Nevzorova YA, Grossmann J, Trautwein C et al.
Department of Internal Medicine III, University Hospital RWTH Aachen, Pauwelsstrasse 30, D-52074, Aachen, Germany. Electronic address: email@example.com.
Biomedicine & pharmacotherapy = Biomedecine & pharmacotherapie. Feb 2017.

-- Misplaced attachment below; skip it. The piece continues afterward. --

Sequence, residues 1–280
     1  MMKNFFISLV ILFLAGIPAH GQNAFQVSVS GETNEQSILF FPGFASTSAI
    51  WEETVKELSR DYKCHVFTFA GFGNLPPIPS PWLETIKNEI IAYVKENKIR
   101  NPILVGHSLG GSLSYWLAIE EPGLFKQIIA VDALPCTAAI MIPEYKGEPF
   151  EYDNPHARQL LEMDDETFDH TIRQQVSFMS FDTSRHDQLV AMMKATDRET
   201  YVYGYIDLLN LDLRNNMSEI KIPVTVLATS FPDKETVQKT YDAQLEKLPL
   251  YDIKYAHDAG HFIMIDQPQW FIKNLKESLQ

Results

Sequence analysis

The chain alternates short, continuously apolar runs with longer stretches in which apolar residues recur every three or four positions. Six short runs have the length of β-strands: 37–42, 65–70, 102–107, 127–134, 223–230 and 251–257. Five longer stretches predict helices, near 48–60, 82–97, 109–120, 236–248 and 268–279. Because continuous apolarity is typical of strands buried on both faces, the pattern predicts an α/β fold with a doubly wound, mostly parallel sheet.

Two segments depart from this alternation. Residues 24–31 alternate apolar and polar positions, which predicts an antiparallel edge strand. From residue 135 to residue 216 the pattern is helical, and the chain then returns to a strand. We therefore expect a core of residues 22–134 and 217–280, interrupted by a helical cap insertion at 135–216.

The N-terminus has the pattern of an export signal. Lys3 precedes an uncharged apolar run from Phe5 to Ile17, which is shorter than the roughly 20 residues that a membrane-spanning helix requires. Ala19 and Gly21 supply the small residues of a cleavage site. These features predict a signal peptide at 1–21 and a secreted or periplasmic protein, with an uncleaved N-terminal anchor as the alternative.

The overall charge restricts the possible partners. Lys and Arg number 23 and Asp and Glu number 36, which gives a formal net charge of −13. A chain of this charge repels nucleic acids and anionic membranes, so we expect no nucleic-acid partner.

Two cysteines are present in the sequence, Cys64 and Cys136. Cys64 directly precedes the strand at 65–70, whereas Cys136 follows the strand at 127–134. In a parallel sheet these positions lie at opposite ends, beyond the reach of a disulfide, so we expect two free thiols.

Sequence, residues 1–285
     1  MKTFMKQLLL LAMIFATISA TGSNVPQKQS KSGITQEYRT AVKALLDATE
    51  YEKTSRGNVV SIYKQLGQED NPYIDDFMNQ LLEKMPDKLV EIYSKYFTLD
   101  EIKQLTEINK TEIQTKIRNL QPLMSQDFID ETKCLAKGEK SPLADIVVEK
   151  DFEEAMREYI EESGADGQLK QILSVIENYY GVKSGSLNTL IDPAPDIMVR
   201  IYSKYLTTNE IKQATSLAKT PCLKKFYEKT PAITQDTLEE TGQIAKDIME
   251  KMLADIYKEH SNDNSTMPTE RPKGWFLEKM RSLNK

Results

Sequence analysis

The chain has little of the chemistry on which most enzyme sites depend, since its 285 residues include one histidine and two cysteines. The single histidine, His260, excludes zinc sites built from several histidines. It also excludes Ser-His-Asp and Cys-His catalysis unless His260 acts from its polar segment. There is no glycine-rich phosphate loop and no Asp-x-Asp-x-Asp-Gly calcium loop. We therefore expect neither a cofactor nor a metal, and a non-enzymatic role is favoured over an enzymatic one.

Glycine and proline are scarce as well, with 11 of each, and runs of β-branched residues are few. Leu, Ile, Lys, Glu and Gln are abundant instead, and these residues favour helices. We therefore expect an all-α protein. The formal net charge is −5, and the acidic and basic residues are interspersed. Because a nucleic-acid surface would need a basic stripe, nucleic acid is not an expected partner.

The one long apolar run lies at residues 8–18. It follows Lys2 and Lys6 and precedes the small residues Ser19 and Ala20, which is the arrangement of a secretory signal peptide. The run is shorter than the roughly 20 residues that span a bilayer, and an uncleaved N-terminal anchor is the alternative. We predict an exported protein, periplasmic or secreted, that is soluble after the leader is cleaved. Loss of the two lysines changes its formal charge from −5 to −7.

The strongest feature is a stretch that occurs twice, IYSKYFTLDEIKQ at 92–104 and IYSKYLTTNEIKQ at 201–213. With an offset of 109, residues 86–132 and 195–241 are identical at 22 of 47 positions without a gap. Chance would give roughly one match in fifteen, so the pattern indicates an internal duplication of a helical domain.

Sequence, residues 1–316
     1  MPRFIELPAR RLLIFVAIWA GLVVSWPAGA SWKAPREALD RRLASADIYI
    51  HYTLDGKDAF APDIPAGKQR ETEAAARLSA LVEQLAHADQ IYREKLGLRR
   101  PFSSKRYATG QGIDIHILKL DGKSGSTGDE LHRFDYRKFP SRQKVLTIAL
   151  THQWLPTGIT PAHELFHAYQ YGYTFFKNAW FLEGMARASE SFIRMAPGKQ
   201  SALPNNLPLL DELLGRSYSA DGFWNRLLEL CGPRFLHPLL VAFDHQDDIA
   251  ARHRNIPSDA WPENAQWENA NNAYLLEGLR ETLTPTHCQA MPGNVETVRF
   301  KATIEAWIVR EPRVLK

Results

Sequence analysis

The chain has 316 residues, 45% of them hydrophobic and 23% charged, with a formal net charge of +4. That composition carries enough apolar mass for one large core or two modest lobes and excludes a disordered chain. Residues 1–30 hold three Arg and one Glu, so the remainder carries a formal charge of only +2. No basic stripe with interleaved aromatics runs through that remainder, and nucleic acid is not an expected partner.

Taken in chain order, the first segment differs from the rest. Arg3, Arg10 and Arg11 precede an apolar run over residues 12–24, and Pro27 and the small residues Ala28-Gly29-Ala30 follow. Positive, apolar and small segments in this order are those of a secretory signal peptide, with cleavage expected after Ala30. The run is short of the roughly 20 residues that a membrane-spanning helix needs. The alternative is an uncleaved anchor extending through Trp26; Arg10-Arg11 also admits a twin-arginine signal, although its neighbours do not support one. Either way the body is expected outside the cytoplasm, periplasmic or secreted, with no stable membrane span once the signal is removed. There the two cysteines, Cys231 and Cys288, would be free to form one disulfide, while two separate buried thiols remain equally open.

The natural terpenoid compound was explored in vitro and in vivo to investigate the anti-HCC properties.For our study we used Abisilin(®)- a novel natural pharmacological terpenoid compound extracted and purified from coniferous Pinaceae trees. Anti-tumorigenic properties of different concentrations of Abisilin(®) were tested on murine hepatoma Hepa 1-6 cell lines. The analysis of proliferation and apoptosis was performed using immunofluorescence microscopy, FACS and qPCR. As an in vivo approach, we tested Abisilin(®) (400mg/kg/day, 14 days, orally) in xenograft mouse models of liver cancer and investigated tumor growth, proliferation, apoptosis and angiogenesis by means of Western blotting, immunofluorescence microscopy and qPCR.Application of Abisilin(®) for 24h at a dosage ranging from 0.03 to 0.045mg significantly reduced the number of viable Hepa 1-6 cells and induced apoptotic cell death with microscopic evidence of changes in cell morphology, and positive TUNEL, cleaved caspase 3 and Annexin V/Propidium Iodide (PI) stainings. Furthermore, treatment with Abisilin(®) strongly inhibited proliferation, impaired mitosis and prompted cell cycle arrest by down-regulation of the Cyclin D1, E1 and A2 expression levels. In Hepa 1-6 xenograft in vivo model, Abisilin(®) considerably decreased the xenograft tumor size and tumor volume. Consistently with in vitro Abisilin(®) administration elicited apoptosis and inhibit proliferation in the xenograft tumor. We also found that Abisilin(®) remarkably decrease microvessel density, diminished tumor angiogenesis and reduced expression of ICAM-1. Moreover, the expression of pAMPK, a cellular energy sensor, was up-regulated after Abisilin(®) application.Anti-proliferative, pro-apoptotic activity and anti-angiogenic potential of natural conifer terpenoids might turn these compounds into an attractive drug candidate for combination therapy against liver cancer.